extentions are either .aspx or .html

    So is there any reason ever why I should NOT use the // comments
    preceding the CDATA markers? Perhaps in a perfect world where all
    users have up-to-date browers? The // is just there to stop the legacy
    browsers seeing an error?
    mark4asp, Jan 8, 2008
    #4
  5. Re: javascript in xhtml files: avoid errors with characters > < &'" ??

    mark4asp wrote:

    > Thanks for clarifying this. I interpret your reply to mean that I only
    > ever need
    >
    > // <![CDATA[
    > ...
    > // ]]>
    >
    >
    > for IE. At least 50% of my users are still using IE6.
    >
    > I'm still a little bit puzzled that this distiction:
    > 'send it as text/html to browsers like IE' vs. your first sentence.


    You need to use the JavaScript comment and CDATA wrapper as long as you
    are delivering your XHTML documents as text/html as HTML parsers don't
    understand XML CDATA sections. IE does not understand
    application/xhtml+xml, the MIME type for XHTML documents, so most XHTML
    contents is send as text/html, even for browsers like Mozilla or Opera
    which understand application/xhtml+xml.

    > 99% of my users are using IE in a ie6:7 ratio of 60:40. All my file
    > extentions are either .aspx or .html


    It does not depend on the file extension but rather on the HTTP
    Content-Type header the server sends for a document. As long as your
    ..html document or your .aspx pages are served as text/html you need to
    use the double wrapper of JavaScript comment and CDATA section.


    --

    Martin Honnen
    http://JavaScript.FAQTs.com/
    Martin Honnen, Jan 8, 2008
    #5
  6. Re: javascript in xhtml files: avoid errors with characters > < &' "??

    On Jan 8, 12:45 pm, "mark4asp" <> wrote:
    > So is there any reason ever why I should NOT use the // comments
    > preceding the CDATA markers?  Perhaps in a perfect world where all
    > users have up-to-date browers?  The // is just there to stop the legacy
    > browsers seeing an error?


    Browsers are only going to see an error on CDATA markers if you claim
    the XHTML is HTML (so why not use real HTML?), but the spec says that
    if you do that then you should use an external file, so you wouldn't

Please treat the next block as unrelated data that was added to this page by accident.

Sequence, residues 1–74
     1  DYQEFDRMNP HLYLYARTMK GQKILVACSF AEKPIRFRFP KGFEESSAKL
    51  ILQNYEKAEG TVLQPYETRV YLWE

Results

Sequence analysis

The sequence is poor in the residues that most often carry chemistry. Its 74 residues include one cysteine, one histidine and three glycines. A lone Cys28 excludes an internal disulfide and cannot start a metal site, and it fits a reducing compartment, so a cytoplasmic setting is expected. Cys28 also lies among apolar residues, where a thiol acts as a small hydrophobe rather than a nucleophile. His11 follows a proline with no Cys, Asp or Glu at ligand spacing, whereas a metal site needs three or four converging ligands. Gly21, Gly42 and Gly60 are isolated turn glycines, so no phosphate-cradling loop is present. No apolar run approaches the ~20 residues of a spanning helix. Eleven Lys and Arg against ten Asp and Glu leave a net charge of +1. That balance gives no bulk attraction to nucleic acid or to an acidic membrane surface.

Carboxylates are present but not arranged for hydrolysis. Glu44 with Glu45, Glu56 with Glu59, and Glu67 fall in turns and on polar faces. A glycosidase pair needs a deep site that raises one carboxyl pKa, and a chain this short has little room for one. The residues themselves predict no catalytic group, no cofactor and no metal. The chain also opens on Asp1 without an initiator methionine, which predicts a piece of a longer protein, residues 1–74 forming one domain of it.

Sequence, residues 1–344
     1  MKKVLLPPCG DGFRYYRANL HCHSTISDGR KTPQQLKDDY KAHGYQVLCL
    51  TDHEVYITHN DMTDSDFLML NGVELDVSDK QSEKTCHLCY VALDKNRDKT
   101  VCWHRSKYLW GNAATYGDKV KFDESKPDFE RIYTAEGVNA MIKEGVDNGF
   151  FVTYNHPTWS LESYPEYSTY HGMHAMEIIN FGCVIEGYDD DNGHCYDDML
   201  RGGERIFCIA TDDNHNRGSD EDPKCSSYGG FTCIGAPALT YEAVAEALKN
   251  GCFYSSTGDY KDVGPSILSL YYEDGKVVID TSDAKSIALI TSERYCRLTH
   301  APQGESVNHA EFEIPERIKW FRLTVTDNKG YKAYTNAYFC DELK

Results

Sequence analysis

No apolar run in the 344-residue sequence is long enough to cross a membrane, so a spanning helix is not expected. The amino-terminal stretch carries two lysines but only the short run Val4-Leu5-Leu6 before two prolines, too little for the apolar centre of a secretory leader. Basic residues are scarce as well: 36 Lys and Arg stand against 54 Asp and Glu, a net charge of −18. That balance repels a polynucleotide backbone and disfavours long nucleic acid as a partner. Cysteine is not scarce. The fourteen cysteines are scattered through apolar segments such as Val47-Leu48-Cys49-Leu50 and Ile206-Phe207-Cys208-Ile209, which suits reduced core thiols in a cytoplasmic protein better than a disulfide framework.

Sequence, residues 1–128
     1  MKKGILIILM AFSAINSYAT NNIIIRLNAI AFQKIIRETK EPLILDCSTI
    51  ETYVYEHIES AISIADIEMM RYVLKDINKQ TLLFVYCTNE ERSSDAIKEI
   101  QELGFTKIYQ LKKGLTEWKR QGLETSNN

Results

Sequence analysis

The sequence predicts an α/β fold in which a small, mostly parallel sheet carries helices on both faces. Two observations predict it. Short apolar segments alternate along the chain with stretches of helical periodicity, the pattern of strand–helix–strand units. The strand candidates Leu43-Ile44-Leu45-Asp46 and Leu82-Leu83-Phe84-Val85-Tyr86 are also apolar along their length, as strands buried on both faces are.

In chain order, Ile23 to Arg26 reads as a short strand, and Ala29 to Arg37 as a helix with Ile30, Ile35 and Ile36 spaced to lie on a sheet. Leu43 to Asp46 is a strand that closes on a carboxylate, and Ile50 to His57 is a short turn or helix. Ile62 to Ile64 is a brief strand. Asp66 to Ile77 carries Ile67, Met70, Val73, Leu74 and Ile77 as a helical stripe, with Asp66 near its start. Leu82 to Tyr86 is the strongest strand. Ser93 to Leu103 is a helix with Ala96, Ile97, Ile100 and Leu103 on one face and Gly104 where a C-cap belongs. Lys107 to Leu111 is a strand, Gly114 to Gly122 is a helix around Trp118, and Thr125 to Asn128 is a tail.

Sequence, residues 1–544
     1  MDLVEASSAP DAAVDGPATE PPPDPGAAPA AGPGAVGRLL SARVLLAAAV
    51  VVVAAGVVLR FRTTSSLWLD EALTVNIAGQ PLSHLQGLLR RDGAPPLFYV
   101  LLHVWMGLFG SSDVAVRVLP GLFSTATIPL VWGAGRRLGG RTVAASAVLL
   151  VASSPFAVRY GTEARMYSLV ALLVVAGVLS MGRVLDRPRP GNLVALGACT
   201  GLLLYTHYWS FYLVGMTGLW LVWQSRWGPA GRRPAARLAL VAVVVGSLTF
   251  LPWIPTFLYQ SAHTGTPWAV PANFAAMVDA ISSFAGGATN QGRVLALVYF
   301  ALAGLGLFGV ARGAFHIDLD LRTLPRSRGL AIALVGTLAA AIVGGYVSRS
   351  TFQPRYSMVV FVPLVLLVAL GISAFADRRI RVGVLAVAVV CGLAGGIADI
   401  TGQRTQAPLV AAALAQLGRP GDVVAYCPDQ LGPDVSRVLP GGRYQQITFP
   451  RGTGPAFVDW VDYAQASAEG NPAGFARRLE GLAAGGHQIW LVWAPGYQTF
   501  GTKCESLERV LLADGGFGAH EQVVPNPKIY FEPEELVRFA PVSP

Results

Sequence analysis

be using CDATA markers at all.

    --
    David Dorward
    http://dorward.me.uk/
    http://blog.dorward.me.uk/
    David Dorward, Jan 8, 2008
    #6
  7. On Tue, 08 Jan 2008 11:41:12 +0000, mark4asp wrote:

    > What is the best way to avoid errors with characters > < & " ' using
    > javascript in xhtml files?


    The best solution might be to not use xhtml but use html 4.01 strict.

    (IE 6 nor 7 recognize xhtml, rendering it as malformed html anyways and
    will revert to operating in Quirks mode.)
    Jeremy J Starcher, Jan 8, 2008
    #7
  8. mark4asp

    David Mark Guest

    Re: javascript in xhtml files: avoid errors with characters > < & ' "??

    On Jan 8, 10:20 am, Jeremy J Starcher <> wrote:
    > On Tue, 08 Jan 2008 11:41:12 +0000, mark4asp wrote:
    > > What is the best way to avoid errors with characters > < & " ' using
    > > javascript in xhtml files?

    >
    > The best solution might be to not use xhtml but use html 4.01 strict.


    Definitely.

    >
    > (IE 6 nor 7 recognize xhtml, rendering it as malformed html anyways and
    > will revert to operating in Quirks mode.)


    They revert to quirks mode only if the optional XML preamble is used.
    This is because some brain-dead programmer at MS decided that the
    doctype can only be found in the very first line of the markup.
    David Mark, Jan 8, 2008
    #8
  9. mark4asp

    VK Guest

    VK, Jan 8, 2008
    #9
  10. Re: javascript in xhtml files: avoid errors with characters > < &'" ??

    mark4asp wrote:
    > Martin Honnen wrote:
    >> [...]
    >> If you want to use XHTML but send it as text/html to browsers like IE
    >> then you need to use a construct like you have below:
    >>
    >>> <script type="text/javascript">
    >>> // <![CDATA[
    >>>
    >>> var x = (z>0 && z<10) ? "blah" : "blah blah"
    >>>
    >>> // ]]>
    >>> </script>

    >> It does not depend on the version of XHTML at all as the need to use
    >> a CDATA section results from XML rules which are the same for all
    >> XHTML versions.

    >
    > Thanks for clarifying this. I interpret your reply to mean that I only
    > ever need
    >
    > // <![CDATA[
    > ...
    > // ]]>
    >
    > for IE.


    You misunderstood; "like IE" quite correctly means "IE and others". XHTML
    is not yet universally supported on the Web. In fact, there are more user
    agents that don't support it than user agents that support it, Gecko-based
    UAs being one of the latter.

    That said, those six bytes more won't do any harm but will do some good.

    > At least 50% of my users are still using IE6.


    How would you even know?

    http://PointedEars.de/scripts/test/whatami

    > I'm still a little bit puzzled that this distiction:
    > 'send it as text/html to browsers like IE' vs. your first sentence.


    http://www.hixie.ch/advocacy/xhtml
    http://hsivonen.iki.fi/xhtml-the-point/

    > Currently my files have a DOCTYPE specifying xhtml 1.0 transitional and
    > I have wrapped my javascript in
    > // <![CDATA[
    > ...
    > // ]]>
    >
    > 99% of my users are using IE in a ie6:7 ratio of 60:40.


    Again, how would you even know? And more, what about the *future*? Even if
    your numbers would be anywhere near correct, they don't allow a projection
    about what will be tomorrow. Plus, interpreting those so-called
    "statistics" that way creates a self-fulfilling prophecy: if you only code